The Source Weekly - Bend, Oregon | Issue Archives | Jan 27, 2011
  • Issue of
  • Jan 27 - Feb 2, 2011
  • Vol. 15, No. 4


  • Local News
  • Pay Now, Pay Later: Economist says city would save with an all groundwater system

    Providing one of the most compelling arguments yet against a proposed $70-million drinking water project, a natural resources economist said Tuesday night that the city of Bend stands to save several million dollars annually if it forestalls a planned upgrade to its surface water supply and transfers to an all-groundwater system for the time being.


  • Editorial
  • Soldiering On: New editor aboard, High Desert Journal finds plenty to share

    The High Desert Journal recently released its 12th issue. This biannual literary magazine continues to focus on its mission statement of "dedicating itself to further understanding the people, places and issues of the interior West" though in my opinion, the journal is going off in new and exciting areas that may have seemed absent in earlier issues.
  • Editorial
  • That Was the Poop That Was

    Monday, Jan. 17 Kumbaya time: In the wake of the Tucson massacre, members of Congress try to be more civil. Sens. Tom Coburn (R-OK) and Chuck Shumer (D-NY) say they'll sit together for next week's State of the Union address. No word on whether they will hold hands ... Sidelined: Apple mogul Steve Jobs, 55, announces he's taking indefinite leave of absence for health reasons ... Quarterback Brett Favre, 41, announces retirement for being-over-the-hill reasons. Sources say he means it this time. No, honest ... Hey, nobody's perfect: The New Yorker reveals Rep. Darrell Issa (R-CA), in charge of investigating the Obama administration, has skeletons rattling in his own closet, including arrest for possessing unregistered gun and accusations of car theft and arson ... Reassuring: Natalie Portman, accepting Golden Globe award for best actress, tells the world that fiancé Benjamin Millepied "totally wants to sleep with me."
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  • Editorial
  • The Republican Meat Cleaver Strategy

    "There is always an easy solution to every human problem - neat, plausible and wrong." - H.L. Mencken The Republicans in the Oregon Legislature believe they've found a problem: Businesses are burdened with too many state regulations, and that's holding back economic growth and stifling job creation.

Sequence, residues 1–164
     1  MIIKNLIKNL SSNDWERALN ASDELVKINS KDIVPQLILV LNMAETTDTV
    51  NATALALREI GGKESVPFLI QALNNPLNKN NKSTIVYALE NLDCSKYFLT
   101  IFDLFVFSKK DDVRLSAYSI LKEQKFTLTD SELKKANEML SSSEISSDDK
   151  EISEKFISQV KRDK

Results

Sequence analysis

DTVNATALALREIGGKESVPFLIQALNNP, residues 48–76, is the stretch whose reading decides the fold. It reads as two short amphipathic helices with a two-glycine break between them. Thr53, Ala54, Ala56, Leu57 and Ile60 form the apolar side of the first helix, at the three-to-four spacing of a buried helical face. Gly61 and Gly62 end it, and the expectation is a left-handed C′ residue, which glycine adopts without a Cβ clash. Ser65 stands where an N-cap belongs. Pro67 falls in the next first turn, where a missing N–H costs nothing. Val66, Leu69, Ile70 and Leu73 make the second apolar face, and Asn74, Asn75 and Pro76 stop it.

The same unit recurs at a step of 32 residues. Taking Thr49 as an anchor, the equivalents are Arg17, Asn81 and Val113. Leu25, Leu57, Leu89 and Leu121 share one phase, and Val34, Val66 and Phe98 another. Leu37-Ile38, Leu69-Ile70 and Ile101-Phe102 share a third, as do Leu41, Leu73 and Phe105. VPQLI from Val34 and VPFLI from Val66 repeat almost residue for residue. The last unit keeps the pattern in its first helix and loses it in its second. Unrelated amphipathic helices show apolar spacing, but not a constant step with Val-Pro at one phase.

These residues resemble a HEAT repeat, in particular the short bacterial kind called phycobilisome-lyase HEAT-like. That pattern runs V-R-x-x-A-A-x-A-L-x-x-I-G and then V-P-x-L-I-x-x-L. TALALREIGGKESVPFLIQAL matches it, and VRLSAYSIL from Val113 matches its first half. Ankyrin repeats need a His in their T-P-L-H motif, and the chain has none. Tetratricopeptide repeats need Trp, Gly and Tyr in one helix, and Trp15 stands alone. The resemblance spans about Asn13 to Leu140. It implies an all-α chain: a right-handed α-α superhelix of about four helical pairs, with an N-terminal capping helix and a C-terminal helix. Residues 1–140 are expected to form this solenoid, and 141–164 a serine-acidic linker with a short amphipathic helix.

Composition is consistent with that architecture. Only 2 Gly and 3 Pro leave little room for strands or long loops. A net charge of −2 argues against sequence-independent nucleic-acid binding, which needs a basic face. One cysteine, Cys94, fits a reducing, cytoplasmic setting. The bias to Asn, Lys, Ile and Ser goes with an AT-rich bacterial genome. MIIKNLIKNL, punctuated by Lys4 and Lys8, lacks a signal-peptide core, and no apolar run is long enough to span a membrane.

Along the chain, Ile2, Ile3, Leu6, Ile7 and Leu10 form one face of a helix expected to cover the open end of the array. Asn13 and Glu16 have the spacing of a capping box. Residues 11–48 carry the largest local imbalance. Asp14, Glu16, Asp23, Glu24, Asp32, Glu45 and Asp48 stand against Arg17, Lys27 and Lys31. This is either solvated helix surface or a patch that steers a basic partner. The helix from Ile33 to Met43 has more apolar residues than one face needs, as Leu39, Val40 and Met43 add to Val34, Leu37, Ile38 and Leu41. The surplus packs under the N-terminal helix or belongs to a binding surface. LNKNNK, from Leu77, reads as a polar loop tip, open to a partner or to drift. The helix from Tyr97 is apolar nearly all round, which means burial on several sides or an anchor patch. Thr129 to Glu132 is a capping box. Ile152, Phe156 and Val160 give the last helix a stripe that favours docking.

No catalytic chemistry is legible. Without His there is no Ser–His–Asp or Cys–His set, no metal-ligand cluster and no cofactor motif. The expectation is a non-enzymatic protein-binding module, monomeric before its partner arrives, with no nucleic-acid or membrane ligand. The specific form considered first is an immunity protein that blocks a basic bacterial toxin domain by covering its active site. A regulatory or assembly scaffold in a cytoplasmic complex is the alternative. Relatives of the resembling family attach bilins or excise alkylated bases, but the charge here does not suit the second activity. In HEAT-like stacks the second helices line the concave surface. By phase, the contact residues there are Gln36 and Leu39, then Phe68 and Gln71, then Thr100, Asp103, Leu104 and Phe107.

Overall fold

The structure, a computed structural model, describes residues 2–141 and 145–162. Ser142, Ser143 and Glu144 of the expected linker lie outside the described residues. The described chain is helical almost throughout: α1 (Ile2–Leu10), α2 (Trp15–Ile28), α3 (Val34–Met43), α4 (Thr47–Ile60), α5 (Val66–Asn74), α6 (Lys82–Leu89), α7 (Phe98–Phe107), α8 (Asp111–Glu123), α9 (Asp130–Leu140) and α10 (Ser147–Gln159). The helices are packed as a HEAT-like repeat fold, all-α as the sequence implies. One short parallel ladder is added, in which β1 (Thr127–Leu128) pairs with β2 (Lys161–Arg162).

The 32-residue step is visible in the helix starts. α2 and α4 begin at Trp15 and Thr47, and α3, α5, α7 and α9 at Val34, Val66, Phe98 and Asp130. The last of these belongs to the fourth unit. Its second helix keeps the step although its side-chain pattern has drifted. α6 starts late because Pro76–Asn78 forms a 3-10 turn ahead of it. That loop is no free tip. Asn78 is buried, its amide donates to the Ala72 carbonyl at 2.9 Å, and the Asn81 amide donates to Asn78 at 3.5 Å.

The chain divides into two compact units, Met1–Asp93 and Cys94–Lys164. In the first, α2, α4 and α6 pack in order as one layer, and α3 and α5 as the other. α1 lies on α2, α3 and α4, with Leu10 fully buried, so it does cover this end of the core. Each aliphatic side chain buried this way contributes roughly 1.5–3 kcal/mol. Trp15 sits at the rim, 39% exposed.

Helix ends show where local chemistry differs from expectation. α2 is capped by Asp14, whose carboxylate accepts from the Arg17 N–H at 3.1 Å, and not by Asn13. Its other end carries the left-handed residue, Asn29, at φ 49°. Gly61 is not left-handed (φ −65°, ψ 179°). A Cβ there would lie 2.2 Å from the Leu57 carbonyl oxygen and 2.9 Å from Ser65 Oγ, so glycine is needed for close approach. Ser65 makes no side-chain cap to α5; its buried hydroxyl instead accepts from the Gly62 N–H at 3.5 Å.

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  • Letters to the Editor
  • Where's My Smears?

    Namaste Source Weekly and blissful 2011 to all! I'm wondering where The Smear Sheet went in your latest issues?? I miss the rants of Brad Lockwood, especially after his column was moved from Up Front to the rear of the paper, and the tone and quality of Up Front dropped rapidly.
  • Letters to the Editor
  • Don't Believe the Health Care Hype

    Republicans in Congress claim that health care reformwill kill hundreds of thousands of jobs. They even called their bill "Repealing the Job-Killing Health Care Law Act." It turns out that the Republicans are misrepresenting an August 2010 report by the nonpartisan Congressional Budget Office (CBO) that estimated about 0.5 percent of workers could retire early, thanks to the reduced cost of their health care.


  • Culture Features
  • Chainsaw Art: Carving masterpieces in the Sisters wilderness with Skip Armstrong

    The drive to chainsaw sculptor J. Chester "Skip" Armstrong's house and studio in Sisters is rural, to say the least. Armstrong's home, where he lives with his wife, singer-songwriter Anastacia Beth Scott, is located beyond Sisters Middle School on a dirt road off of another dirt road. When I visited him during the second week of January, it was unplowed and covered in a thick layer of ice. While many might find the location isolating, it provides him with a connection to nature and, as he says, it's as close to urban sprawl as he'll ever be comfortable with.
  • Theater
  • Local Theater Round Up

    The local theater scene is currently a buzz with activity. Whether you're looking for comedy, musical, Shakespeare, or classics, it seems local thespians have got the answer for your theatrical needs.
  • Picks